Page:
Flex printed circuits can provide several obvious advantages over conventional ribbon cables in certain applications. For example, a flex circuit can span between a board and a connector on a bulkhead several inches away at a right angle in the same plane as the board. That’s not feasible with a ribbon cable.

A flex circuit can be formed in complex shapes in three dimensions with branches to multiple connectors, which would be impossible to achieve with a ribbon cable. Moreover, flex circuits can be interfaced with rigid boards without the relatively tall and bulky connectors flat cables require, or in the case of rigid-flex construction, they can be integral with the boards and eliminate external connectors altogether. Furthermore, the conductor density of flex circuits can far exceed that of ribbon cables.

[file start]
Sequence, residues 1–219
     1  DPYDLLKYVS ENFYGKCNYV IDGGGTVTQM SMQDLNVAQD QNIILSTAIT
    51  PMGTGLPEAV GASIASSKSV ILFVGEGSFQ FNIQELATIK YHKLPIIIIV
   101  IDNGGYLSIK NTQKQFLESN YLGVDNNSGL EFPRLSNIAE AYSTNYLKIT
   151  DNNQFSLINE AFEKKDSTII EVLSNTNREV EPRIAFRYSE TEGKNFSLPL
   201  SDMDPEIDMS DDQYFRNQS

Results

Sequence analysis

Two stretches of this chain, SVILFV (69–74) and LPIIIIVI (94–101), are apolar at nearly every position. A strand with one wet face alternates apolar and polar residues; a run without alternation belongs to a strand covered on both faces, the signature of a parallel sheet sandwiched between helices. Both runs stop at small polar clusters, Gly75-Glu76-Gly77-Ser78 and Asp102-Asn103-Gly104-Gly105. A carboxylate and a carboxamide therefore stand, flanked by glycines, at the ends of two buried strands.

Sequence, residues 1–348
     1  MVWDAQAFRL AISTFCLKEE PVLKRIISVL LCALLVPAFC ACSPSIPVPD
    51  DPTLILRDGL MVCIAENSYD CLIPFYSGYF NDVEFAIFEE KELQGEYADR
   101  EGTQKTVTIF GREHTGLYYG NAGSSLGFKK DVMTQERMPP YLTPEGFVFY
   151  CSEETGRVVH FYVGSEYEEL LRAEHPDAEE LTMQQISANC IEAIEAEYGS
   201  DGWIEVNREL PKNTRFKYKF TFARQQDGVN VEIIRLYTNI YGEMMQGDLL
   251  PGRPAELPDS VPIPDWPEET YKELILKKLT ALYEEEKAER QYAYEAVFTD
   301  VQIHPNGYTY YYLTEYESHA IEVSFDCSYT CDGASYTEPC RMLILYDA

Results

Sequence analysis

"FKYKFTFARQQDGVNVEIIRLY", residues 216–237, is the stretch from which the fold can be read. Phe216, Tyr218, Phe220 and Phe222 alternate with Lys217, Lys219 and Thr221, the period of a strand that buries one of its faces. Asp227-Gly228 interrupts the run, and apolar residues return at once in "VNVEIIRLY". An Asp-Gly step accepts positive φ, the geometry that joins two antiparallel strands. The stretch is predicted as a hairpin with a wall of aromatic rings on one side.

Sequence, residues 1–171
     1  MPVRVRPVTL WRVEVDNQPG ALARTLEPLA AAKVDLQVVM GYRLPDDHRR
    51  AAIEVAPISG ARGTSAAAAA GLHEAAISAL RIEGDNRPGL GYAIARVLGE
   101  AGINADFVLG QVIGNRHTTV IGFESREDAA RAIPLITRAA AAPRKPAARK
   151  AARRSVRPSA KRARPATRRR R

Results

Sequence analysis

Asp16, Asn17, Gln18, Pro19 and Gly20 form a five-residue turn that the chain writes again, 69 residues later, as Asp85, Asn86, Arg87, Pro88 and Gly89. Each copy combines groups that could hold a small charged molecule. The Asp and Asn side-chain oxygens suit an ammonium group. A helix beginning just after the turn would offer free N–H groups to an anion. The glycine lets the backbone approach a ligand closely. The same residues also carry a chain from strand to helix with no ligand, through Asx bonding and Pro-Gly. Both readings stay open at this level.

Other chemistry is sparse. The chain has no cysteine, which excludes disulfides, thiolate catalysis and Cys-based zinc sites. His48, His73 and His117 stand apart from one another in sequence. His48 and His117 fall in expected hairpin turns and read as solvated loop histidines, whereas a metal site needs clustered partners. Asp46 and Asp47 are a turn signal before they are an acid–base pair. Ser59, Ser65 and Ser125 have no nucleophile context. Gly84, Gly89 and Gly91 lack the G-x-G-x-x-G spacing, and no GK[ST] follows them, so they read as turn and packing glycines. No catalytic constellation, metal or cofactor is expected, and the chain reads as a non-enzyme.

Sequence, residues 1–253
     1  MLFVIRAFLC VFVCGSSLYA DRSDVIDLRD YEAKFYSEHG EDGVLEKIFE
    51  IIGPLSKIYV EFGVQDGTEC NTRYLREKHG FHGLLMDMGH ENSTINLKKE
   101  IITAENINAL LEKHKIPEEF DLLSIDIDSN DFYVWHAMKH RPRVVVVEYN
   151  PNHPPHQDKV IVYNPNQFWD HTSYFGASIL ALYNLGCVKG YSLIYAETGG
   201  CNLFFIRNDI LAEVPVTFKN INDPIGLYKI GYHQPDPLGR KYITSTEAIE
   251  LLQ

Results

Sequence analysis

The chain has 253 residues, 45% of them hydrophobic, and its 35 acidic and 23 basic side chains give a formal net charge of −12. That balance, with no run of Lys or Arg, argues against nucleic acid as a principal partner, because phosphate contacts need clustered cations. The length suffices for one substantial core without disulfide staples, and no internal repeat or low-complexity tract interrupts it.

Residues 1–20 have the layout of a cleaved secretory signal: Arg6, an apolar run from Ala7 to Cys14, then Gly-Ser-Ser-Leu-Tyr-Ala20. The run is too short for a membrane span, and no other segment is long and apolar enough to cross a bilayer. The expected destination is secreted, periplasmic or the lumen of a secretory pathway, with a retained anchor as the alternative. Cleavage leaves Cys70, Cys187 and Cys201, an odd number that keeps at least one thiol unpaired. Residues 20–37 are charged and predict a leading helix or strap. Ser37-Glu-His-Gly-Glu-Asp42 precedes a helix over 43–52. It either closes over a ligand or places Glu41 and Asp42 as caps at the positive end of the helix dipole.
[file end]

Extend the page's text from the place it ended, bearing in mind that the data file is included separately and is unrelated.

There are some subtle advantages of flex circuits versus conventional ribbon cables beyond the many clear distinctions. One of the materials commonly used for flex circuits, Kapton, has extremely low outgassing in ultra-high-vacuum environments, such as space. Though Kapton-insulated ribbon cables are available, they have a limited number of conductors and cannot be routed at angles in tight confines.

Ribbon cables insulated with Teflon and other plastic materials outgas fluorine or reactive compounds when subjected to high vacuums, which can attack electronics in closed containers if care is not taken to completely vent the gases.